I woke up just after 1am and there was lights approaching. I looked outside and saw a truck about 500meters away, driving straight towards my little shed. The truck parked in front of my door, two guys climbed out and tried to open the door. I closed it from the inside, so got up and opened it up for them. You would be able to see me if you glanced through one of the windows. These guys were surprised to see me, but they had the same idea as I did, to sleep there. We tried to communicate, but it was useless. You could smell the strong smell of Vodca in their breaths, which made communication even more difficult. The only thing I could make out was that Im going to get killed… by something out there. Wolves, people, a river monster, well I don’t know exactly what.
The next morning the two guys drove off at around 7am, so I grabbed something to eat and made a cup of coffee. I enjoyed the coffee outside, looking at the mountains, the river and starting to prepare myself mentally for the day, as I had the idea the road would get much worse than the previous day.
The views were improving with every single peddle! Huge mountains, fast flowing bright blue river and more eagles sweeping through the sky. It was a beautiful sunny day, which was perfect for cycling into the mountains! The cycle started off difficult from the get go, with more rocky roads. At least I could still manage to cycle, even if it was at 5 – 8 km/h. The inclines got steeper and the road got worse. At some point I told myself to stop saying “it cant get much worse than this”… because every time im proven wrong. At 10 km into the day, things got to a point that I have never experienced (No truck, car or motorcycle will be able to drive here). I could not cycle more than 30 m before being stopped dead by rocks or lost my balance. A few times I stopped so quickly, that I bounced forward hitting my manhood against the frame or handlebar.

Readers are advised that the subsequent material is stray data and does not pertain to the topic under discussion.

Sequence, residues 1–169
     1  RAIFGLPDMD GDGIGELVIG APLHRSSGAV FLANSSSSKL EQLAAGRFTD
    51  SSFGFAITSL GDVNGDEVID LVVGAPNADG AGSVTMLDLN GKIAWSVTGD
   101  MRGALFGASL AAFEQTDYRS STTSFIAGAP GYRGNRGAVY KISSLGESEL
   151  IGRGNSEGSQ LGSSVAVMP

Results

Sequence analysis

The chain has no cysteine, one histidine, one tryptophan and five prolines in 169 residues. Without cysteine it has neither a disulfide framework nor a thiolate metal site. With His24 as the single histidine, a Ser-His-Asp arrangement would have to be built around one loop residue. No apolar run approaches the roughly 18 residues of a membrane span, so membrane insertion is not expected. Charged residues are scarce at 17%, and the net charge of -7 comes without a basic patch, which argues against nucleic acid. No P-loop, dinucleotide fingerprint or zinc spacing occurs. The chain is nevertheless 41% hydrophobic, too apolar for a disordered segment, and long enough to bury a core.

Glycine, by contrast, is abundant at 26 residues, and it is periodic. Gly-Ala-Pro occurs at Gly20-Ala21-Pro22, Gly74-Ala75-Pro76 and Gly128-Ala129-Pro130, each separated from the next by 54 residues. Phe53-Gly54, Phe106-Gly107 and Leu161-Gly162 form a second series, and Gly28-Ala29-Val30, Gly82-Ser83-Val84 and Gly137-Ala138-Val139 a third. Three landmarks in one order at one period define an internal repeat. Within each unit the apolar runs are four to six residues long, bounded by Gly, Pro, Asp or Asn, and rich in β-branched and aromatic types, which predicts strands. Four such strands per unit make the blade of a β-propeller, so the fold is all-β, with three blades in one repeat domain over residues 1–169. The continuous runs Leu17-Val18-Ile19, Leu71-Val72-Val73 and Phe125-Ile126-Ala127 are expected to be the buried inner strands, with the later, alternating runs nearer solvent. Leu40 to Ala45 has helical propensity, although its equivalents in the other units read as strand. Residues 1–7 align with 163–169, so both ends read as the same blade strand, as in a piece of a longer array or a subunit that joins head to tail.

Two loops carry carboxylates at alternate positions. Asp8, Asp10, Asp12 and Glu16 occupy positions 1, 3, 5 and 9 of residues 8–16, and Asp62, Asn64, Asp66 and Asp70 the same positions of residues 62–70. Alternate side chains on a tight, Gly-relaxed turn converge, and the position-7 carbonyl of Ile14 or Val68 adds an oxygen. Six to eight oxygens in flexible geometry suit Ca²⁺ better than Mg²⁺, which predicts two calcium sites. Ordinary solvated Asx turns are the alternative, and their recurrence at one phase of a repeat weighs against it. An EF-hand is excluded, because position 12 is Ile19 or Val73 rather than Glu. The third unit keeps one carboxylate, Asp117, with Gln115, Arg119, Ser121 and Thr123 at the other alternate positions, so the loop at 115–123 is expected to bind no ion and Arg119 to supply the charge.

The road got so bad, when my bicycle jumped around, I kept losing balance and there was no way to start cycling again on this inclines. This was where the walking or rather pushing started. I wondered what layed ahead, as I was now walking more than cycling. My arms started to pain as if I was in the gym for three hours. I would take a small 20 second break after every 50 m (if I could get to 50 m). Then it became every 30 m, 20 m, 10 m and then struggled 5 m with every push. This was getting to another level of hard and was now climbing a mountain with a bicycle loaded with 50 kg of baggage.
There was places where the mountain gave in, like a avalanche, but sand and rocks. Most places I could squeeze past, but one time the road was completely covered until where the rocks fell down the edge and into the river. This was a tough and dodgy crossing. Soft rocks and sand moving as I walked across and while doing this, there was more rocks rolling down the hill.